Some on the right are working to cement change by amending the Constitution and bypassing the usual process.
By Matt Sedensky, Associated Press
The administration’s “zero-tolerance” immigration policy and the recent surge in family separations at the border -- a practice President Donald Trump ended through executive order -- has called attention to the legal rights of immigrants under U.S. law.
By Gretchen Frazee
Once the door to the criminalization of political and ideological disagreement is opened, it may be near impossible to close it.
By Shadi Hamid
Graphic designers reimagine a U.S. Constitution that acknowledges the American slave trade and mistreatment of Native Americans.
By Elizabeth Flock
By Gretchen Frazee
The “Foreign Emoluments Clause,” received little attention before Donald Trump ran for president. Now it’s the basis of three major lawsuits filed against President Trump.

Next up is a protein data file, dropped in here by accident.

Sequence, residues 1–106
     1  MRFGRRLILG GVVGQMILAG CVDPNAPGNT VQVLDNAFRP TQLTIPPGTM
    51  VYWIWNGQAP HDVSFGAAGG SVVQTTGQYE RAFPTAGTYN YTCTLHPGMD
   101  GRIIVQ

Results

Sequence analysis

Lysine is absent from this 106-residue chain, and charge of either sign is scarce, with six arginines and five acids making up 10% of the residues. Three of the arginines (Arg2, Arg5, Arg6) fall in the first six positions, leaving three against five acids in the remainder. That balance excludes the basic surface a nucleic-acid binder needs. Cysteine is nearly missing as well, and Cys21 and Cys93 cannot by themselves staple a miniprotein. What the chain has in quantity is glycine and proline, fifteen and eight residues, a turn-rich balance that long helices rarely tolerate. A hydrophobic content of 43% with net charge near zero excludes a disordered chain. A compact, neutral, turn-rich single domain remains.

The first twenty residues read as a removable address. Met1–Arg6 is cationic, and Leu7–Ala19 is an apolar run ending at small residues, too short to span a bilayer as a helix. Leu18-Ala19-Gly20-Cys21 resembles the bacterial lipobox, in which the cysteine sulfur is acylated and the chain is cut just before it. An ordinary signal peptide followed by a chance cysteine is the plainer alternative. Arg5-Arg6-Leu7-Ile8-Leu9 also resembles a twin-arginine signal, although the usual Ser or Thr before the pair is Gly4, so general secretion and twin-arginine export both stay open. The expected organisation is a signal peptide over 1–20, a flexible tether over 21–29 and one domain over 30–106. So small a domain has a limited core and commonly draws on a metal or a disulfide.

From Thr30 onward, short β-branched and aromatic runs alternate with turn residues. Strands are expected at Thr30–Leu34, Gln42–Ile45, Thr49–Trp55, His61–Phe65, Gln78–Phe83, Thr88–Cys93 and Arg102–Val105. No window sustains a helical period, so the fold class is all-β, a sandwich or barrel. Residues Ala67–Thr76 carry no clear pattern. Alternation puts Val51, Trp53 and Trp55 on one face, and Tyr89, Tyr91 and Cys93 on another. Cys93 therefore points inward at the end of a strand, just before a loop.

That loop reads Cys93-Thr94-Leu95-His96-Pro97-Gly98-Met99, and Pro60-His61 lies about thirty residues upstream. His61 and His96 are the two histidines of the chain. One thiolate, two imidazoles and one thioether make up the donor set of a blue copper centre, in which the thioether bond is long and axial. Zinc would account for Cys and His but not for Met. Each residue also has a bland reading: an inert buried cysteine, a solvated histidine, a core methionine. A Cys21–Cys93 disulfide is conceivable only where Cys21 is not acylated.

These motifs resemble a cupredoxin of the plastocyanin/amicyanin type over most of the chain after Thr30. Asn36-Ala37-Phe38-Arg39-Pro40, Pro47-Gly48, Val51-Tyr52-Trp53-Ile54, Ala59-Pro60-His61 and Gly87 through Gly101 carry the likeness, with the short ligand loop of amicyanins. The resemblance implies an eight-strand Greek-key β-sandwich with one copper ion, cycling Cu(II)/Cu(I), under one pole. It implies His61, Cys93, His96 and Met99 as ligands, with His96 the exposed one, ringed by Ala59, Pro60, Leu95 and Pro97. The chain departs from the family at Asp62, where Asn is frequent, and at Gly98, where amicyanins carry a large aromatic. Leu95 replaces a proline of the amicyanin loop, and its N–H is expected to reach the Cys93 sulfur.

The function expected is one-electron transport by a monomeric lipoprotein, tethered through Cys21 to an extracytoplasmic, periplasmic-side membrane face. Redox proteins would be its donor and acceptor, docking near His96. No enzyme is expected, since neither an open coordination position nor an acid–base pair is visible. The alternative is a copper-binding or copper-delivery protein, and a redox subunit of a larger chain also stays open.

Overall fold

By Mindy Fetterman, Stateline
An online survey by Reuters in 2014 found that nearly one in four Americans want their state to secede. The desire was highest — 34 percent — in the Southwest, which includes Texas.
A lesser-known part of the Electoral College's history: its relationship to slavery in the U.S.
By Lisa Desjardins
Happy Constitution Day everyone! To celebrate this day cherished by lovers of American law, we bring you a short quiz to test your knowledge of the nation's founding and of potential changes on deck for the Constitution today.
Sen. Barack Obama's nomination as the Democratic presidential candidate coincides with turning points in American civil rights history. Historians and analysts Mark Shields and David Brooks discuss the progress in American representativeness and the challenges to becoming a post-racial society.
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